"This makes no sense whatsoever. The only way Amtrak can ever make it is a higher degree of NATIONALIZATION of the track"

 

 

Don't think anyone on here would ever accuse you of being subtle.  The point, which was lost on my wording, was that the OBS part of Amtrak would likely benefit from some privatization.  I did not specify that so that is my fault.  I am not a proponent of nationalizing the rail system as that would simply wind up in the hands of bureaucrats who would systematically treat the freight system in the same political atmosphere that Amtrak currently has to play in.  No thank you.  Bits and pieces I'm okay with.

 

So privatizing some of the OBS aspects may not make sense to YOU, but it does make sense to others. 

 

 




#68 Ryan

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Posted 15 July 2017 - 07:34 PM

Yes, because private corporations are so well know for taking such great care of their people.
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#69 dlagrua

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Posted 15 July 2017 - 08:44 PM

Yes, because private corporations are so well known for taking such great care of their people.

Its always been like that with the richest people and the biggest corporations. Look at robber barons like Carnegie, JP Morgan, Vanderbilt, Pullman & Rockefeller, They used the cheapest labor possible to provide the greatest profits for the Wall Street investors. Today corporations don't even keep the lower paying blue collar jobs here. They just outsource to China which leads me to my next point. Passenger rail cannot use cheap Asian slave labor It needs American workers.  That's why private corporations will never bid on LD routes.  They are waiting for the USA to legalize the importation of North Korean prison slave labor.



#70 Ryan

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Posted 15 July 2017 - 08:48 PM

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#71 neroden

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Posted 15 July 2017 - 08:48 PM

Don't think anyone on here would ever accuse you of being subtle.  The point, which was lost on my wording, was that the OBS part of Amtrak would likely benefit from some privatization.


Oh, OK. That makes more sense. Thank you for explaining.

I'll make the usual distinction between privatization which carries *revenue risk* -- where I think nobody will do it -- and contracting out, which is already done for the cafe on the Downeaster and is just fine. I don't think the OBS on Amtrak are really a problem center however so I think trying to contract it out would be a wasteful distraction at this time, but I'm not philosophically hostile to it on principle.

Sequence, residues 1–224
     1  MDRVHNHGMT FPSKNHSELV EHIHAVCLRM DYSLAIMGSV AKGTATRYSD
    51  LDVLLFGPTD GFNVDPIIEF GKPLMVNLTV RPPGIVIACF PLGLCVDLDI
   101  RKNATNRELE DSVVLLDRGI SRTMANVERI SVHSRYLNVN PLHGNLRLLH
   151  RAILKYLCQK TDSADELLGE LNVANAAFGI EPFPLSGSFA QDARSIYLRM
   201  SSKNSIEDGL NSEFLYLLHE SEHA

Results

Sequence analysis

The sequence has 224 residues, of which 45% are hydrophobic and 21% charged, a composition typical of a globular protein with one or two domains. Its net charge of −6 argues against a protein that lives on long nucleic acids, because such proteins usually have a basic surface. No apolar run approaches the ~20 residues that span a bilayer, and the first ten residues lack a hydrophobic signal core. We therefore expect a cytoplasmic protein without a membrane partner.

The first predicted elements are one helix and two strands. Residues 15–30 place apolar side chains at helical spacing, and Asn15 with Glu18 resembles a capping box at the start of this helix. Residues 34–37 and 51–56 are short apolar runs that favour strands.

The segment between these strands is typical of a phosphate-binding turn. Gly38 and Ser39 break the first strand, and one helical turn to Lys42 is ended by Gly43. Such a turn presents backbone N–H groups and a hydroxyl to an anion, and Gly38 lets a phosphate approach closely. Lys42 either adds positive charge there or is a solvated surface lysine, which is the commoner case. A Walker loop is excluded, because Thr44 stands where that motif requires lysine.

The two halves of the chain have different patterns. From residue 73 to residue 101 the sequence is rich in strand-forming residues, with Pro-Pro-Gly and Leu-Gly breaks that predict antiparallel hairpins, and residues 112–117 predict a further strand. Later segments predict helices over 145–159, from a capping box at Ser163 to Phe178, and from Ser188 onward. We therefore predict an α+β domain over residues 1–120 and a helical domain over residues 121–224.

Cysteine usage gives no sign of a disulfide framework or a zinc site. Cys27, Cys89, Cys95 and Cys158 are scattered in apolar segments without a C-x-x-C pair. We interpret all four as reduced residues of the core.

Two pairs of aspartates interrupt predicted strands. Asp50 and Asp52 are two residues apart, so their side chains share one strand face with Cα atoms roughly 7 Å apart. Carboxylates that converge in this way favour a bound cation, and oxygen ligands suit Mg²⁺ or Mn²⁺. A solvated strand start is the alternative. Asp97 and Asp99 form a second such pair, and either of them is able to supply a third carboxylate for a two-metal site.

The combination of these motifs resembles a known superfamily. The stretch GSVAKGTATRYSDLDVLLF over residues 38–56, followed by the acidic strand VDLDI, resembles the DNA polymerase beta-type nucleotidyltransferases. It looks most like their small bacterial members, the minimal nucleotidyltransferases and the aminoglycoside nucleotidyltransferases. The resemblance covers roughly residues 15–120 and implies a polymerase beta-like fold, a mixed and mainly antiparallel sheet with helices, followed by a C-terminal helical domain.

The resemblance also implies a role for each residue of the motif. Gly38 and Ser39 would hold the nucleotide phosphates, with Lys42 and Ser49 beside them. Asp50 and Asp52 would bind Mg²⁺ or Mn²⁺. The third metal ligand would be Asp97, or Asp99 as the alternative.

Nationalization of the tracks is really the only long-term option: literally every country in the world outside North America has done it. It's exactly equivalent to nationalization of the roads. It has its problems, but privatized roads just don't work, and privatized railroad tracks don't work either, which is why we have a frankly derelict freight system dominated by trucking. (Why did private track ownership work in the 19th century? It works financially during an industry boom/mania/startup period, only. There was also a turnpike boom and a canal mania, private roads and private canals, and both ended up nationalized afterwards. Airplanes seem to be financially even worse because they had public-funded airports from day one.)

Of course some of the freight operators understand this. They'd love to have the government maintaining the tracks the way it maintains the roads for the truckers. And I'm OK with that.

Edited by neroden, 15 July 2017 - 08:56 PM.

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#72 Triley

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Posted 15 July 2017 - 09:32 PM

 

 

 

Would contracting amtrak long distance trains out to a private railroad save money? if yes then how?

 
Save money for who?
 
A lot of this restructuring stuff is window dressing, it's about stealing from Peter to pay Paul.
 
So if somebody can make their own budget look good by offloading costs onto somebody else's budget, and if people are getting praise and bonuses for making their budget look good, then these things wil happen.